The Justice Department warned everyone – they are going to prosecute more individuals for criminal violations of the FCPA. The DOJ has backed up its warning. Everyone should expect more criminal cases against individuals.
Last year was the year of the criminal prosecution of individuals for FCPA violations. This year will be another banner year for individual criminal prosecutions.
Eleven individuals have been indicted this year, including a criminal indictment of five individuals in one case. The numbers will continue to rise.
In the antitrust cartel context, the DOJ indicts, on average, three individuals for each company charged. The ratio of individual prosecutions to corporate prosecutions for FCPA cases is not as high.
The DOJ has clearly targeted individuals for proactive investigations such as the Cilins case from 2013. In addition, they have been culling through past corporate settlements to charge individuals involved in these cases, including Maxwell Technologies, Siemens and BizJet.
Additional individual prosecutions can be expected from some of the recent corporate settlements. Weatherford, Avon (soon to be announced) and Marubeni are prime candidates for follow-up criminal investigations.
Some argue that every corporate case should have at least one, and possibly more, individuals prosecuted for criminal violations. The argument is fairly straightforward – the conduct of at least one individual has to be imputed to the company to establish corporate liability.
With the exception of the collective knowledge doctrine that the DOJ has not tried to apply in the criminal FCPA context, the DOJ has to have at least one individual who satisfies the requisite elements of the criminal offense.
Since the DOJ suffered its defeat in the Shot Show sting cases in 2010, it has gone back to basics – it has brought strong criminal cases, many of which have resulted in guilty pleas. Several of the cases remain unresolved because the defendants have not been apprehended.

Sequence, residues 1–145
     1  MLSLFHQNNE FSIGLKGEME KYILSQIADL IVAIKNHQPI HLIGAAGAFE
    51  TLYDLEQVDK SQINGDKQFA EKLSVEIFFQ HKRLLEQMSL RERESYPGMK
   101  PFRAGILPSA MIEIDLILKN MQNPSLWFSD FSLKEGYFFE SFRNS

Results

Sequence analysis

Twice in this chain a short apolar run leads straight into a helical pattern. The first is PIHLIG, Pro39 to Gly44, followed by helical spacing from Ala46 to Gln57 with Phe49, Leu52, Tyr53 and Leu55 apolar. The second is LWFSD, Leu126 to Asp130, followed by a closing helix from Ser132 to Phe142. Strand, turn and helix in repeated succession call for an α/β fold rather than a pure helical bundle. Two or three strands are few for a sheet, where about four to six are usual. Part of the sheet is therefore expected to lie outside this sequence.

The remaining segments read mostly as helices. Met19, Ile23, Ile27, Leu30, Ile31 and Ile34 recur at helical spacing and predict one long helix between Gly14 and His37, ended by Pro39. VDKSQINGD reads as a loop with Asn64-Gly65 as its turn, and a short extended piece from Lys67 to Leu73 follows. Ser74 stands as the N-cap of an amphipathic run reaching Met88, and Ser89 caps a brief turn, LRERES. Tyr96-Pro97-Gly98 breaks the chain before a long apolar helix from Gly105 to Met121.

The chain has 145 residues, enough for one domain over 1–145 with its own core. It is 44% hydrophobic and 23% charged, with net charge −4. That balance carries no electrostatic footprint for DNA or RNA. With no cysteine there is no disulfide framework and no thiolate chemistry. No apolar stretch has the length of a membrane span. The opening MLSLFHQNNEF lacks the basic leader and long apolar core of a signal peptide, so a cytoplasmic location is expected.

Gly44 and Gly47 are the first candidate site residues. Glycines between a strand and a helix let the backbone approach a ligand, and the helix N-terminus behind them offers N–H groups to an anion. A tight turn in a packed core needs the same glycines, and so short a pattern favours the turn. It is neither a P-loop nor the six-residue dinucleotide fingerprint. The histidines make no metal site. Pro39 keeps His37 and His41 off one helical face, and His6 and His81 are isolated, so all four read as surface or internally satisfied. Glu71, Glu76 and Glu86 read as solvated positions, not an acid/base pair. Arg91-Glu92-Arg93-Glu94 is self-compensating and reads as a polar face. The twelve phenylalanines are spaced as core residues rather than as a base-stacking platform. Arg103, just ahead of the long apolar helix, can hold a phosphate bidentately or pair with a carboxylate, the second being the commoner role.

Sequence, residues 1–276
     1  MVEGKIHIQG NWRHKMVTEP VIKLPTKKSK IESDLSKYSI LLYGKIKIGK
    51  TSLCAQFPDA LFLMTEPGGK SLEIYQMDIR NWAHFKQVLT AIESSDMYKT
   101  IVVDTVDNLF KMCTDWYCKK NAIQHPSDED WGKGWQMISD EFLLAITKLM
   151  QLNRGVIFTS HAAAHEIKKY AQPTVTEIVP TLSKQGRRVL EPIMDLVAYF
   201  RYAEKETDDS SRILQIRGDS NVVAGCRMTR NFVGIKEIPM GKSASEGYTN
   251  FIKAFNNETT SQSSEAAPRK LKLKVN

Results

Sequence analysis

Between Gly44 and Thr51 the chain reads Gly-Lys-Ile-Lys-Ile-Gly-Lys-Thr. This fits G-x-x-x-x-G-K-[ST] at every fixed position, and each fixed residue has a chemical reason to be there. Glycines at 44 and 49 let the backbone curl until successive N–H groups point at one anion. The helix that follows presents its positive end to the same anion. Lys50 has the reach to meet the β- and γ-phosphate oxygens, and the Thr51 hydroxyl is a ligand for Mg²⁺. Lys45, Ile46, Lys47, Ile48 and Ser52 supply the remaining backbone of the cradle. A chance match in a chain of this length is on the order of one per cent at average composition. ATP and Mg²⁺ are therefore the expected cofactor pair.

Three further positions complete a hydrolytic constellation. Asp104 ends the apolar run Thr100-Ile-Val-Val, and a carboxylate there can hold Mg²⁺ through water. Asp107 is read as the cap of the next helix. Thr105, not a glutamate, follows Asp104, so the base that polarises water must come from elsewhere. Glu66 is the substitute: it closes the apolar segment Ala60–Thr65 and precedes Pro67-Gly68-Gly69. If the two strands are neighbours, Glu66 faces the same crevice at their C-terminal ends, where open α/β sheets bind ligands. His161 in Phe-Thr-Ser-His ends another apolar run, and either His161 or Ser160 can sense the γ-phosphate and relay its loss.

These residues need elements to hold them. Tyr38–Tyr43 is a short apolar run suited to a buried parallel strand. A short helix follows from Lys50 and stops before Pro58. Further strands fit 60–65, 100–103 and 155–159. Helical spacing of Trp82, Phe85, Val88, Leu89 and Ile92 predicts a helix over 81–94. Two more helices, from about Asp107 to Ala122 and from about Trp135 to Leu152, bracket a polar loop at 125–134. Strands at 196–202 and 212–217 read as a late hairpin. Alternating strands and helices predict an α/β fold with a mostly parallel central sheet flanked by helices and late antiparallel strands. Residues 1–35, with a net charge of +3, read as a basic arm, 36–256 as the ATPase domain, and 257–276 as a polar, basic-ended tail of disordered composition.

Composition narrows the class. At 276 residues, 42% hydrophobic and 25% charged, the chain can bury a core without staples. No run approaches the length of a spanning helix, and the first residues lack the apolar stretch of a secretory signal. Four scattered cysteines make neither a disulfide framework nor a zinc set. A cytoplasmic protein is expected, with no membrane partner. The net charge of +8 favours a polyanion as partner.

The DOJ will continue its focus on individual criminal cases. The number of cases will continue to increase; more individuals will be prosecuted. Corporations that settle their cases with the Justice Department will provide valuable cooperation and information relied on by the Justice Department to indict individuals from the company.
The Justice Department targets senior officers and managers at smaller companies (e.g., BizJet). It will be interesting to see who is prosecuted from some of the larger companies that settled their cases.
At the same time, the Justice Department is interested in finding an appropriate case to prosecute C-Suite executives and/or Board members for willful blindness. They want to find a strong case where they can send a powerful message.
Prosecutors know that a willful blindness prosecution, by definition, is very difficult to win. The Bourke case was a long and hard fight where the evidence was fairly strong but not overwhelming, especially when the legal theory was not as established as it is now.
Policymakers are convinced that a focus on criminal prosecution of individuals is a more effective deterrent than large fines against companies. That seems like a fairly obvious point – in the corporate prosecution context, individuals can lose their jobs or suffer reputational harm.
The threat of jail time carries a much stronger message. In the antitrust context, the message of aggressive enforcement has been communicated around the globe. Senior executives know that cartel conduct will be prosecuted criminally in the United States. Unfortunately, the potential revenues from cartel behavior can be significant and outweigh the fear of criminal conviction.
Foreign bribery has a very similar tradeoff, depending on the potential upside of a bribery scheme. Corporate employees can earn significant benefits from bribery but the fear of criminal prosecution should have a strong countervailing influence, especially as the Justice Department’s FCPA criminal prosecution program matures.
This article was republished with permission from Michael Volkov’s Corruption, Crime & Compliance.